Sunday, May 24, 2015

Why Debate Exists About Systemic Racism and Sexism

Language is a fickle beast. It is as slithy and brillig as the toves gyring and gimbling in the wabe. We all perceive words and meanings in a unique way and many people use words in ways that are not even accurate. When this happens often enough and for a long enough period of time, the dictionary definition is forced to change. I speak about language here because I believe it is the key component to the disruption of this conversation regarding racial bias. Not only do words hold different meanings to different people, but certain phrases might elicit interpretations that were never even intended by the original speaker. Compound these issues with the complexity and touchiness of the subject and we are ripe for debates, controversies, anger, and even riots and murder.

The many issues in discussing this topic make it quite nearly impossible to have a valid discussion regarding it and hoping to make any useful steps to coherence, understanding, and unity between the differing camps of thought. In order to have this conversation, we need to begin with definitions. What is racism exactly? Pulling a dictionary definition is only partially useful because many people do not adhere to the dictionary definition and our word-choices are only as good as the ability for others to interpret them. I propose that there is a significant population of people such as myself that view racism as a belief in the inferiority of another race. It is to say that all people of a particular race are inferior as a byproduct of their genes which make them up. Other people believe it is racist merely to mention race in relation to an idea. To some, it is racist to believe that black people often enjoy watermelon and fried chicken more than white people. For me, this is not racism but a potential statistic. I truly do not know the numbers, and for all I know it is a downright lie to begin with, but let's say 90% of black people like watermelon and fried chicken while only 50% of white people do. If these numbers were accurate (which they most assuredly are not) I do not personally believe it is then racist to plan a black gathering and providing these two food items in hopes for it to be well received. Other people would disagree and call this racism. This is why we must define our words.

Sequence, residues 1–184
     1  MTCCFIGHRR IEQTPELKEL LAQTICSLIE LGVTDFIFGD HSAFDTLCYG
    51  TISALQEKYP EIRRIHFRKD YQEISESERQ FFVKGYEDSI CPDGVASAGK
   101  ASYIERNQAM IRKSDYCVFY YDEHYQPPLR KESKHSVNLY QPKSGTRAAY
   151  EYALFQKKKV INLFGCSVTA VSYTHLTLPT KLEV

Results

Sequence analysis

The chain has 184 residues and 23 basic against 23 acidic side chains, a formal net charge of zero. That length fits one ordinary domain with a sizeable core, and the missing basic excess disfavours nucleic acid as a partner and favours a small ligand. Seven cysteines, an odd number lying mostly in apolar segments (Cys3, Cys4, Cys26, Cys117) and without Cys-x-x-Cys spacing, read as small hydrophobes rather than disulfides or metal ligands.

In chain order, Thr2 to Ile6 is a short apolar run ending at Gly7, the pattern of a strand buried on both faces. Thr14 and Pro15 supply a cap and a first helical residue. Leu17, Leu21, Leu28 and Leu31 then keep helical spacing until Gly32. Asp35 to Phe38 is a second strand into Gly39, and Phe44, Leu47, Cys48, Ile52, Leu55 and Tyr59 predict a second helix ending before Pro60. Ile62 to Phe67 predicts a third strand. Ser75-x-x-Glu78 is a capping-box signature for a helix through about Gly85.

This disagreement in the meaning of racism will clearly have a distinct effect on whether or not an individual believes in the existence of this concept of "systemic racism." When I, and I presume many others, hear the concept of systemic racism, we hear "the system hates black people and believes they are all inferior and thus treats them unfairly." When other people hear of system racism, they hear, "most everything in our day to day affairs is harder for a black person." Hopefully nobody believes in the first, and with some simple data hopefully everyone can understand the truth of the second. Understanding that it is true, however, is only the first step. Then there is the issue with blame and how to solve the issue which fuels even more debate.

When I hear about racism, I immediately perceive "whites hating blacks." Perhaps it is the "system" that makes be feel this way. Other people simply hear "life is harder for minorities." There is a distinct problem between these two phrases. The first condemns white people while the second is merely the recognition of a statistical fact. Similarly, when talking about sexism, I presume many people hear, "men are pigs and treating women like objects" while others hear, "life is harder for women." Thus, the simple words of racism and sexism will entirely garble the conversation. Because of this, I argue that we ought to do away with them all together and instead focus more on the actual issues at hand. It is useless to say that we have systemic racism or sexism. It is more useful to say that it is more difficult to succeed in life for black people and women. Nobody feels threatened by this. Nobody feels accused. These phrases, for me, elicit merely a question and a desire to solve a problem. I immediately wonder if it is true, how it is true, or why it is true rather than perceiving I am being called a monster for treating people unfairly.

This same issue arises with the phraseology of "white privilege." This phrase easily elicits an "us against them" concept. It focuses on white people as being a problem rather than on the issues surrounding the struggles of black people. The solution may have a lot to do with white people, but if we use such phrases that make white people appear as the problem, we are going to have fewer white people trying to help. Instead, we will get many upset white people for being accused of something even if that is not the intention of the person speaking the white privilege phrase. We must be exceedingly careful with our language if we wish to make a significant impact.